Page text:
Joyful Noise (PG-13, 118 min.) "Glee" meets God in director Todd Graff's lively gospel musical, set in a cheerful if economically depressed Georgia small town where Everywoman Queen Latifah and the surgically altered Dolly Parton (her new mouth is so distracting you won't even notice her chest) battle for control of the church choir. Produced by Fred Smith's Alcon Entertainment company in hopes of reaching the "faith" audience that made "The Blind Side" a hit, the film's Christian message is muffled somewhat by the faux gospel song selections, which include churchy renditions of Michael Jackson's "The Man in the Mirror" and Paul McCartney's "Maybe I'm Amazed," repurposed as a pro-Jesus song. Keke Palmer is Latifah's good-girl daughter; Broadway star Jeremy Jordan is the bad-boy prodigal son who shakes up the conservative gospel choir, demonstrating that "Sly Stone funk" is more likely to win a national gospel competition than traditional song fare (a sad if true moral). Even so, some of the musical numbers are knockouts, especially a show-stopping version of Billy Preston's "That's the Way God Planned It" belted out by the movie's great discovery, 14-year-old Lithonia, Ga., "children's choir" sensation Ivan Kelley Jr.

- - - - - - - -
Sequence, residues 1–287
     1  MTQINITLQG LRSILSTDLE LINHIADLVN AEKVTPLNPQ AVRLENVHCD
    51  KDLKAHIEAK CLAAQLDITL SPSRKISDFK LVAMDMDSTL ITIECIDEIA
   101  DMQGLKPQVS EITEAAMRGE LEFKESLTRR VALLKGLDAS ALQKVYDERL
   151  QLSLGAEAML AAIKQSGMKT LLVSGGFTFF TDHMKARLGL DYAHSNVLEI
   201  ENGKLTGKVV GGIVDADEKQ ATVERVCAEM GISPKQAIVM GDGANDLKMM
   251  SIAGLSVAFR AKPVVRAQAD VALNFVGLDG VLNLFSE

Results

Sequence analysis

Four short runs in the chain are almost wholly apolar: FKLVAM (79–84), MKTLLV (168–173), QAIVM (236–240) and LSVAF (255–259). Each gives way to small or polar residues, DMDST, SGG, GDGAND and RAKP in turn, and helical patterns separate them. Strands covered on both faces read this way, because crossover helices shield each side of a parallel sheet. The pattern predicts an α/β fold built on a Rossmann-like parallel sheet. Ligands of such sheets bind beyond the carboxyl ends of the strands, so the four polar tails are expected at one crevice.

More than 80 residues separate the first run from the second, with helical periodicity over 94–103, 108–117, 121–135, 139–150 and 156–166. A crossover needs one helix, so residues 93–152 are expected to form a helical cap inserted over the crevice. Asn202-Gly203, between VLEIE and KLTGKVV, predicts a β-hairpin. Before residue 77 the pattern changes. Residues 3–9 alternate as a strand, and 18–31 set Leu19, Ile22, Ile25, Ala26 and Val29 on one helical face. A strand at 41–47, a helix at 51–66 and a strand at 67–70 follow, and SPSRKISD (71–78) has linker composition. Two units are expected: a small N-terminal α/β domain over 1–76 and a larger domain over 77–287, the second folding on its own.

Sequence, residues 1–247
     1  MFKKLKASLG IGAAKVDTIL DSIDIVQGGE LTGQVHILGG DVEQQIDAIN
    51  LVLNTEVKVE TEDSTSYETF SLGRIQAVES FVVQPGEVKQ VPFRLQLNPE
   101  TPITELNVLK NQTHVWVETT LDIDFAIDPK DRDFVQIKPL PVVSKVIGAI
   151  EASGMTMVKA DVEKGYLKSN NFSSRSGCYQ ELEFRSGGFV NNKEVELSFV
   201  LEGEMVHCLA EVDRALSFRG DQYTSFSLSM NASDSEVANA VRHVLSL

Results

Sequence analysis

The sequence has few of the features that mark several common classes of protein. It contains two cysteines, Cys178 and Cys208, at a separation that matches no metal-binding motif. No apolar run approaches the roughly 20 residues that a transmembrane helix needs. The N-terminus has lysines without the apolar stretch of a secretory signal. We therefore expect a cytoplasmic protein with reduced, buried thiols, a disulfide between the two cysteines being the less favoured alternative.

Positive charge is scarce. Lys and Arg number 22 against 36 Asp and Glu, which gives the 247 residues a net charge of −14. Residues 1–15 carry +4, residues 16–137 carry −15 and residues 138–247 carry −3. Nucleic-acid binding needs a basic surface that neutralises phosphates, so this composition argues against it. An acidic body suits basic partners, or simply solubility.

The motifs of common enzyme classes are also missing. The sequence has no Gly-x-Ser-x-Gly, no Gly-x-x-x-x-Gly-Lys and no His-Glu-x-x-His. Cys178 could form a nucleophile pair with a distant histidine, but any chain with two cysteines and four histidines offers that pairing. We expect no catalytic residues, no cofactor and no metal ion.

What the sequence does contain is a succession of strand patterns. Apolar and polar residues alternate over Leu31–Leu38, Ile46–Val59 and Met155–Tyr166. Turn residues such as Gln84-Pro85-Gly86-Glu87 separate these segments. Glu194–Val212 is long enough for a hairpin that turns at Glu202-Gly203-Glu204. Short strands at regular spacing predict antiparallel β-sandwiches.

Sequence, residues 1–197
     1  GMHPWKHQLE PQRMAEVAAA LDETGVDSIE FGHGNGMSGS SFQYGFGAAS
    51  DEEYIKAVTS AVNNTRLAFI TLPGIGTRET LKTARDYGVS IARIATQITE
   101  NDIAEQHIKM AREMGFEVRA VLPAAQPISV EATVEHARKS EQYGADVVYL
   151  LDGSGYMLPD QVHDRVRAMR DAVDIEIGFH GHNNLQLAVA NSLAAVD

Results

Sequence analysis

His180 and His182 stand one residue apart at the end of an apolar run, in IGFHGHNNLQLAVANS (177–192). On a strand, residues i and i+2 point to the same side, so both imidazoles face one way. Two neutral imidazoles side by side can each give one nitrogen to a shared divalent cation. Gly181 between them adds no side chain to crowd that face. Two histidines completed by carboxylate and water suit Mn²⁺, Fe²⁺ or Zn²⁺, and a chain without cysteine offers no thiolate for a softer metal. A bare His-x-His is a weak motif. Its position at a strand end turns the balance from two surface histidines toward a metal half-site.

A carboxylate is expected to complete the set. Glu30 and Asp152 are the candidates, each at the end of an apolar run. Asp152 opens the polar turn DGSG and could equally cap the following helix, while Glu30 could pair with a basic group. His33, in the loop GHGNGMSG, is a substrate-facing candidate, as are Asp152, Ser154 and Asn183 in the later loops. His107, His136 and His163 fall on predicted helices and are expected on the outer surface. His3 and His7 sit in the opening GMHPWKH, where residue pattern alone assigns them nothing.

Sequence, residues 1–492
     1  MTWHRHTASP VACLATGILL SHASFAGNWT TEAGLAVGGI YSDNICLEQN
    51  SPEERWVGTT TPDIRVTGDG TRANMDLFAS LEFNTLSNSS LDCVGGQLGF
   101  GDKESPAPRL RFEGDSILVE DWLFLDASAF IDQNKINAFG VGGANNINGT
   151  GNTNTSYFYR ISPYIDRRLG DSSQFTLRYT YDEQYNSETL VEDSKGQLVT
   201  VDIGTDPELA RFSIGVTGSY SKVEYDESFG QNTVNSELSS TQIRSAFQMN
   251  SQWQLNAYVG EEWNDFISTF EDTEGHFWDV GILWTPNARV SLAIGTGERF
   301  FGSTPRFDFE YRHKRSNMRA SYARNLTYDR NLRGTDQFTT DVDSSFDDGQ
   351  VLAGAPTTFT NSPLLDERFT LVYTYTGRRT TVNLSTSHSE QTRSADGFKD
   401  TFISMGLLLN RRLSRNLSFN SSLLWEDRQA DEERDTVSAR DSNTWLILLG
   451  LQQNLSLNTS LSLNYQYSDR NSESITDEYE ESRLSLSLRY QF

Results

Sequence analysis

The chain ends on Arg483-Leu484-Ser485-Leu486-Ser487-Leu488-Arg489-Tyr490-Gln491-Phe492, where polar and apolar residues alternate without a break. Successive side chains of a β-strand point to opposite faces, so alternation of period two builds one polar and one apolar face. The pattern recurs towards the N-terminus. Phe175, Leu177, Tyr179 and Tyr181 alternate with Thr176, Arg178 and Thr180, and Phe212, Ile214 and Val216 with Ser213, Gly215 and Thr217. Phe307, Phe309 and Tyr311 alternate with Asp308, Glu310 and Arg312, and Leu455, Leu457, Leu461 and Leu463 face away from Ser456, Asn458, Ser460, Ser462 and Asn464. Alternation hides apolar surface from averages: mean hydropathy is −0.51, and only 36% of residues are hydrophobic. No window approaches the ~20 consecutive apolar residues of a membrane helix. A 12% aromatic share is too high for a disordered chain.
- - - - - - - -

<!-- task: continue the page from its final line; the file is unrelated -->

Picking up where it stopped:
CinePlanet 16, Collierville Towne 16, Cordova Cinema, DeSoto Cinema 16, Forest Hill 8, Hollywood 20 Cinema, Majestic, Palace Cinema, Paradiso, Stage Cinema, Summer Quartet Drive-In.

Mission: Impossible -- Ghost Protocol (PG-13, 133 min.) The first live-action film from director Brad Bird ("The Iron Giant," "Ratatouille") doesn't reach the giddy action heights of his incredible "The Incredibles," but it occasionally comes close, with a chase through a dust storm and an already famous sequence in which IMF agent Ethan Hunt (Tom Cruise, increasingly cipher-like) attempts to scale the glassy exterior of the world's tallest manmade structure, the Burj Khalifa skyscraper in Dubai. Better still is the scene in which Hunt and his comic-relief associate (Simon Pegg) infiltrate the Kremlin with, essentially, a high-tech magic trick; the playfulness of the effect demonstrates the usefulness of Bird's background in the astonish-the-audience culture of animation. With Jeremy Renner and Paula Patton as the other members of Hunt's outcast team.

CinePlanet 16, Collierville Towne 16, Cordova Cinema, DeSoto Cinema 16, Forest Hill 8, Hollywood 20 Cinema, Majestic, Palace Cinema, Paradiso, Wolfchase Galleria Cinema 8.